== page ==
‘The science of cancer started back in the 1920s, when it was understood to be due to uncontrolled cell division. Since cells divide at the nucleus first, the pharmaceutical industry targeted the nucleus. But progress was slow. By 1960, the FDA (US Food and Drug Administration) had approved only six anti-cancer drugs – all of them artificial chemicals. But they were aiming at the wrong target and fighting the wrong war ... All along, nature has provided us with multitudes of chemicals in plants that specialise in attacking the mitochondria of cancer cells, triggering the death program. Everybody missed that until now because they were looking in the wrong direction.’ So speaks Dr Elliot Lindell in The Eden Prescription.
A medical thriller may not be the genre of fiction expected from an engineer turned writer, but as the author, Canadian-born Ethan Evers explains, the novel’s underlying message is one that is close to his heart. ‘My inspiration started a long time ago,’ says Evers. ‘I had a family member who developed breast cancer. She was first treated with surgery, and then used various types of natural medicine, which kept her cancer-free for several more years than expected. Unfortunately it did return, but the extra years she gained from the natural remedies sparked my interest in that area.’
Evers’s belief in the power of natural medicine in the war against cancer clearly forms the basis of the novel. The Eden Prescription – Evers’s first novel – sees protagonist Lindell pitted against a ruthless pharmaceutical giant when he develops a natural cocktail that proves to be more effective than the top chemotherapy drug.
In real life, natural cancer treatments also encounter a lot of resistance, often being viewed as ineffective placebos peddled by opportunistic ‘quacks’. Evers argues that although such ‘snake-oil merchants’ do exist, much scientific research has been carried out and continues to be carried out on the use of natural substances.
‘That’s why I based the story around Dr Lindell – a maverick researcher with a solid history in research,’ explains Evers. ‘I wanted to show that the idea of using natural extracts in cancer treatment is not just something pulled out of a hat. There’s years of solid research behind it. I based the extracts in Dr Lindell’s cancer-treatment cocktail on substances such as intravenous vitamin C, vitamin D, green tea and curcumin because these are all undergoing real-life clinical trials at the moment – some with remarkable success.’ Cancer is indeed an uncontrolled growth of abnormal cells. These cells often invade other parts of the body and cause damage. Cancer treatments therefore aim to stop the growth and spread of these abnormal cells. Scientists have long focused on developing artificial drugs to fight the war against cancer, but along the way, some have noticed that natural substances also have a role to play.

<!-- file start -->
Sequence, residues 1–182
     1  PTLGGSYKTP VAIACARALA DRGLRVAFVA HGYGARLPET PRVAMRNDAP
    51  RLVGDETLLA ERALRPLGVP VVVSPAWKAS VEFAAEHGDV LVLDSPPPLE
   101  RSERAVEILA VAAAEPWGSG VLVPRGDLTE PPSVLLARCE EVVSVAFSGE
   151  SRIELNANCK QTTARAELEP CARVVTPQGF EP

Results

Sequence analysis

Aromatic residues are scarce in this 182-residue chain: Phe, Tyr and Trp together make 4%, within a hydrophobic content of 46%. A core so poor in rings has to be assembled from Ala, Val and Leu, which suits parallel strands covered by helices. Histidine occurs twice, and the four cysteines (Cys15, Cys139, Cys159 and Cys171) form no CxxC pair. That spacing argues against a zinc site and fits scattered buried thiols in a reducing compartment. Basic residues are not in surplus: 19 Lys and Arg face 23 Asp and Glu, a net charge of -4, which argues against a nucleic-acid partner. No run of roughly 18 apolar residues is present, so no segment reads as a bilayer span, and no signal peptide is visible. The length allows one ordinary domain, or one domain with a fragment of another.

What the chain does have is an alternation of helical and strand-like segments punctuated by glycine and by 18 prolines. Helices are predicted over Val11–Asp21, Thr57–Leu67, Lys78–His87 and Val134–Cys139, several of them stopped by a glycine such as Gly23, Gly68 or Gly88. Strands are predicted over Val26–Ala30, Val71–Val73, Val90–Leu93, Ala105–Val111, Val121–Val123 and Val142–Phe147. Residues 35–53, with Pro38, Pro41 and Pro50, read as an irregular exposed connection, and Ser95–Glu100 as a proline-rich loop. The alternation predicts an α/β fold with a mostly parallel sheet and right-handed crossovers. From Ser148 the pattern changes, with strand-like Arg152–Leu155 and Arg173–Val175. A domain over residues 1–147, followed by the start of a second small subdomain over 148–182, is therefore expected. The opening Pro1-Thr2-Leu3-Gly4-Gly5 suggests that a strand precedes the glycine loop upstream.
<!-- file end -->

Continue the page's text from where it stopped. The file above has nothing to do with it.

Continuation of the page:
The real-life progress of natural anti-cancer treatment makes a regular appearance throughout the plot of The Eden Prescription. The reader learns that more than 47 studies with vitamin D, 26 with green tea extract, nine with pomegranate juice and six with high-dose intravenous vitamin C have been performed across the world to date.
Andreas Gescher – a professor of biochemical toxicology at the Department of Cancer Studies, University of Leicester, UK – is a real-life Dr Lindell. Having spent more than 30 years in the field of cancer research, Professor Gescher has grown increasingly aware of the cancer-preventing potential of substances found in the average diet. He and his team have spent the last ten years carefully investigating the way these natural substances act in people with cancer. Professor Gescher says: ‘The expectation is that these agents, when given in low doses, may have a more acceptable safety record than pharmaceuticals.’